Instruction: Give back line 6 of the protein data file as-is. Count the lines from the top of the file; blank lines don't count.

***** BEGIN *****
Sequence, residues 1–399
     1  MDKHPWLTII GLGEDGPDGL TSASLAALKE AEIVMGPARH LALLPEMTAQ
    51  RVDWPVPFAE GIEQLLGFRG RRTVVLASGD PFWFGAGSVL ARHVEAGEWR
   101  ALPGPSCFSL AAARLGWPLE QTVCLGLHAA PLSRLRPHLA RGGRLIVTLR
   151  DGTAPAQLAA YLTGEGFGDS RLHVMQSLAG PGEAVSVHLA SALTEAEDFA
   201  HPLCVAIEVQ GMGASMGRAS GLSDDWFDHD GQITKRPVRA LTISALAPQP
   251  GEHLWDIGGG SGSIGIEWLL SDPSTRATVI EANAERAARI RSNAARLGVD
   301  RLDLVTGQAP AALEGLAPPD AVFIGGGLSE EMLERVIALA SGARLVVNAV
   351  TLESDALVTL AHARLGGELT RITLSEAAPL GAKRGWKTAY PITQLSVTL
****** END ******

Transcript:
   201  HPLCVAIEVQ GMGASMGRAS GLSDDWFDHD GQITKRPVRA LTISALAPQP